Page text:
Justice for Migrant Farmworkers who were Shot at when Demanding their Pay
(Chowdury and 41 others against Greece, European Court of Human Rights, 30 March 2017)
Four years ago, in a Greek strawberries field, 150 farm workers were shot at when they went on strike, hospitalizing 33 men with gunshot wounds. The men had worked for up to six months tending the strawberries – sleeping next to them in the fields, under black plastic. Promised 22 Euros a day, the farmer gave them only food. Though they were migrants from Bangladesh with no papers, local police ignored them – as long as they worked. But elsewhere in Greece, irregular migrants were detained even for 18 months, in overcrowded cells. They feared this, if they quit their jobs. The farmer kept breaking his promises to pay them, but threatened to never pay what he owed if they quit. They went on strike three times, the last in March 2013, as the strawberries needed picking.
The attack caused outrage across Greece; the prosecutor charged the farmer and his shooters with assault. Represented by the Greek Council for Refugees and Hellenic League for Human Rights, the farm workers persuaded the prosecutor to add a charge of trafficking for forced labour. In July 2014, the Greek court convicted the attackers of assault, but acquitted them of trafficking, because the workers were, in the court’s view, free to leave their jobs.
Forty-two of the men took the case to the European Court of Human Rights. In March 2017, the Court upheld their claim, ruling that their irregular status, their mounting back-pay and the threats of harm by the farmer amounted to forced labour. By failing to protect them or to punish the farmer, the Greek state had violated Article 4 of the European Convention on Human Rights. The Court ordered Greece to pay the men a total of more than 500,000 Euros. In November 2017, the Greek government began paying.
Greece’s farms depend on Asian and African workers: tens of thousands of people with no papers. Despite the case, Greece still gives no legal status to farm workers. Instead, SYRIZA has adopted a weak system of suspending deportation for a few hundred people, six months at a time, making them just as exploitable.
The Chowdury judgment shows that forced labour doesn’t happen only to people in the sex industry, or to children. Migrants without papers are especially vulnerable: the solution is regularization, not threats of deportation.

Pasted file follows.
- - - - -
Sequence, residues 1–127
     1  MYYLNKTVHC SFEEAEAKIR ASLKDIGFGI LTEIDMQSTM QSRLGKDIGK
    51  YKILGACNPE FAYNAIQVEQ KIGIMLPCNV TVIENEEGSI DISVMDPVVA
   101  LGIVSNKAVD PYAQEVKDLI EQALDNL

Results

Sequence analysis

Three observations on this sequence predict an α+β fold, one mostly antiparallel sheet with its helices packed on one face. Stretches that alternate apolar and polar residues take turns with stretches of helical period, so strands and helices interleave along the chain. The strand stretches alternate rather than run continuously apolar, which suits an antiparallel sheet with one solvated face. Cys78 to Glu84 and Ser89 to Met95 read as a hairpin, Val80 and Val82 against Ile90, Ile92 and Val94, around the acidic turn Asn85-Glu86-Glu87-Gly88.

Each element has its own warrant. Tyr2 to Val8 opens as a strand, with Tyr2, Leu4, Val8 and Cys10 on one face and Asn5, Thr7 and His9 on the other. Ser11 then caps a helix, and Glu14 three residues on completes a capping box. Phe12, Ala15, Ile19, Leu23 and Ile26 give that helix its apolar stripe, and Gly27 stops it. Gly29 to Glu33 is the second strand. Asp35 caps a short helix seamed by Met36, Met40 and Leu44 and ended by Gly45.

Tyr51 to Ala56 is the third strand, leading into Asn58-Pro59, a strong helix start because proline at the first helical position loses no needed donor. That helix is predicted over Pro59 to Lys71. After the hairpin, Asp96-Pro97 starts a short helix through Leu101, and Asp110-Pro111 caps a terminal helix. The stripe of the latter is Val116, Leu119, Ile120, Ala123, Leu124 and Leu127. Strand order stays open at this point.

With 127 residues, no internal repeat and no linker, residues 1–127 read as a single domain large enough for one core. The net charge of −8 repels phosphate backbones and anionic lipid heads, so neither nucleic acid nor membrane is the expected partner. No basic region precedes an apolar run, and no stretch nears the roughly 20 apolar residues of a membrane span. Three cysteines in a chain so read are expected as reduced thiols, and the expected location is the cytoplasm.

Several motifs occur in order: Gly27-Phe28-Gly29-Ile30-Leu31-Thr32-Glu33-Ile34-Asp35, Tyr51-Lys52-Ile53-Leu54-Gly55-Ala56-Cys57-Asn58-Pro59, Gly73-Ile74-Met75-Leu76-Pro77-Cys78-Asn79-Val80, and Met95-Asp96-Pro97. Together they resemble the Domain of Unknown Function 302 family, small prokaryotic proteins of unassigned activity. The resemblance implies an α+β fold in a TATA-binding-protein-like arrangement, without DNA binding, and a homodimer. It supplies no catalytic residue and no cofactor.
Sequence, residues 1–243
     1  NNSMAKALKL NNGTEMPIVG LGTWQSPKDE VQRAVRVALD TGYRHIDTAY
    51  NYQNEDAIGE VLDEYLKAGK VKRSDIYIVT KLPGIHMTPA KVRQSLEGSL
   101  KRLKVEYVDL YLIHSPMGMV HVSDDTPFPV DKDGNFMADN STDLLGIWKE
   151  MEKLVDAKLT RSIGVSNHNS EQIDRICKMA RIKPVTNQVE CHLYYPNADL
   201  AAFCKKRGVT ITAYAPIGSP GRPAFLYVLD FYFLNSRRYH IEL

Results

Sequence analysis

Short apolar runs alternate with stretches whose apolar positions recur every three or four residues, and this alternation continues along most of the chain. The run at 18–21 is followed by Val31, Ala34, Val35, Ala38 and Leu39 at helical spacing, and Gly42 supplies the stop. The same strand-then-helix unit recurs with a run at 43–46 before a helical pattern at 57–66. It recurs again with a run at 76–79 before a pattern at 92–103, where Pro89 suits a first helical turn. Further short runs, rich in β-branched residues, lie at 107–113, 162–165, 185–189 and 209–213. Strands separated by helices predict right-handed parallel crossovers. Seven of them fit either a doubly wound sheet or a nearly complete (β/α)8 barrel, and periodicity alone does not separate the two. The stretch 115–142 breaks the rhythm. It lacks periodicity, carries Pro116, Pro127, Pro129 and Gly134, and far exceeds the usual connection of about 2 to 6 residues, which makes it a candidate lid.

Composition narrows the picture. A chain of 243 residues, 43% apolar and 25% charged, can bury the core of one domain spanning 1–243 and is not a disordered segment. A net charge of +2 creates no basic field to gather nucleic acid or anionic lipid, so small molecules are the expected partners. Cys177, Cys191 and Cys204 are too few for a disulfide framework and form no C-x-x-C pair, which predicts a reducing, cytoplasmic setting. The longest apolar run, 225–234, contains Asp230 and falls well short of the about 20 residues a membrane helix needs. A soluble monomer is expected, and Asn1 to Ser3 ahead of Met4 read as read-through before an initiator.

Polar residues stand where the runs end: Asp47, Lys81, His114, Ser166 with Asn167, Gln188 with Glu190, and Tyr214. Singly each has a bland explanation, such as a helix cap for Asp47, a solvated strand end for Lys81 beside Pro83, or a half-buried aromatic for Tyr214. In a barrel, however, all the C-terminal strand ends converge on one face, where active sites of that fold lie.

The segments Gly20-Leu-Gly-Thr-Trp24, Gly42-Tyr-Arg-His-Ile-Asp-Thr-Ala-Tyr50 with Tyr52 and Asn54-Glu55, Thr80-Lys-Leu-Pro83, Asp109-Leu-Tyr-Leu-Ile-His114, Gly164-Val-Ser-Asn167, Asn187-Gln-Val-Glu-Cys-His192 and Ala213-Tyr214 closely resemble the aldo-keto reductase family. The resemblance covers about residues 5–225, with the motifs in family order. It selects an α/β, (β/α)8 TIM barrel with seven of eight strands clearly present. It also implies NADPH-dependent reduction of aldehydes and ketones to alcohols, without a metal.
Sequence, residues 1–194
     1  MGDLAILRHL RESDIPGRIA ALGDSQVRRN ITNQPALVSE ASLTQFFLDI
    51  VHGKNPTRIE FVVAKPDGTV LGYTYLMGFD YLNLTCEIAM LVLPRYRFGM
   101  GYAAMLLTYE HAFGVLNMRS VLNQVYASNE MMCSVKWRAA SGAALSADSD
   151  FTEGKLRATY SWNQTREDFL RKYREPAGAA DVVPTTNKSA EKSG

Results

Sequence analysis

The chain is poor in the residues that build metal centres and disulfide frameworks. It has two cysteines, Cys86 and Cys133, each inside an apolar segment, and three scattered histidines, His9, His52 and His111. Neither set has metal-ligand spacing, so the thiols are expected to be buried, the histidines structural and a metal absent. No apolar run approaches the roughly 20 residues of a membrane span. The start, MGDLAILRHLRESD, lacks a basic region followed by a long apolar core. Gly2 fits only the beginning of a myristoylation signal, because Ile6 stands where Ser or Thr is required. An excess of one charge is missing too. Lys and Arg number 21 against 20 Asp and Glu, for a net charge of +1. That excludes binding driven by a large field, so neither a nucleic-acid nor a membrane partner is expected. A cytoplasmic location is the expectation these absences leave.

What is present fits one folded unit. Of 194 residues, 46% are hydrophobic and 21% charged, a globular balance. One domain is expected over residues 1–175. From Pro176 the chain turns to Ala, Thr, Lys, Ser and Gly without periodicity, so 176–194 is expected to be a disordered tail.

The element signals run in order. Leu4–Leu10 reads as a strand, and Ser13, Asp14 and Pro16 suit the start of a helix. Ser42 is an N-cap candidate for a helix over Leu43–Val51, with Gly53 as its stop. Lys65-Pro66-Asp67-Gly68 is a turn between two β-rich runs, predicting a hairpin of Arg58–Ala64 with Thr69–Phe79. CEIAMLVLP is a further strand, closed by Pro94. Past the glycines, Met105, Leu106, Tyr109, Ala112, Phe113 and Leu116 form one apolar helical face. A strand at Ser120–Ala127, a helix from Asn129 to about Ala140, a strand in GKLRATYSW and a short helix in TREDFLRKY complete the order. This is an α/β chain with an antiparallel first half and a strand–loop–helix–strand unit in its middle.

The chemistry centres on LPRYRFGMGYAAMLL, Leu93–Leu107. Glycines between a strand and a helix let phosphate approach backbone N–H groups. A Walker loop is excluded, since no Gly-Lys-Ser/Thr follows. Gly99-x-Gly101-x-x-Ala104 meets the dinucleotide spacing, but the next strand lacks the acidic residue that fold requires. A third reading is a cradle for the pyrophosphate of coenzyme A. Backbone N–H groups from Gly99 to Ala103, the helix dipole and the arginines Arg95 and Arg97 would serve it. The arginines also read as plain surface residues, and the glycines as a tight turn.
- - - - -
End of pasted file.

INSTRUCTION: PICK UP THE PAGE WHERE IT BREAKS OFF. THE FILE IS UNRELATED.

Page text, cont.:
Migrants Deported without proper Assessment of their Claims
(Khlaifia and 2 others against Italy, European Court of Human Rights, 15 December 2016)
In 2011, tens of thousands of people from North Africa sought to reach Italy by sea, fleeing persecution or without opportunities to create a good life. European countries had imposed visas for travel by regular shipping routes, so they took to irregular routes, often in unseaworthy or dangerous boats. 58,000 crossed that year – almost all arriving in Italy. 1,500 people drowned as they tried.
Half of the travellers came from Tunisia. Arriving in Italy, they were taken to makeshift camps and boats and prevented from leaving; but the authorities claimed no-one was detained. People who did not request asylum were not asked why they had risked their lives to reach Italy. Instead, officials took their names and information to identify their nationality. Without any discussion of whether they should be allowed to stay, they were then deported to Tunisia.
Three Tunisian men asked the European Court of Human Rights to rule that Italy had violated their human rights. After winning in a Chamber, the Court’s Grand Chamber reheard the case. The Grand Chamber agreed with the men that they were detained – and that Italy’s failure to grant them a remedy violated Article 5 of the European Convention on Human Rights. But the Court rejected their claim that the conditions were inhuman or degrading under Article 3.
Most importantly, the Grand Chamber ruled the deportation was not “collective expulsion” under Article 4 of Protocol 4 to the Convention. Though not asylum-seekers, the men argued the government still had the duty to ask each of them why they had come, before it made a deportation decision. Without this, Italy could not give individual consideration to each man’s situation. The Court rejected this, saying the men could have volunteered information.
The bar on collective expulsion is an important guarantee: each human must be considered as an individual before the drastic step of deportation is ordered. The Court’s judgment may undermine this. Expecting everyone who arrives on a leaky boat to demand to explain themselves is unrealistic. Just as Italy was able to quiz the men about their personal data, its officials could easily have asked them why they came. Border guards do this every day at regular ports of entry. Without that information to make fair, reasonable decisions, there is a serious risk of expulsion of a collective character.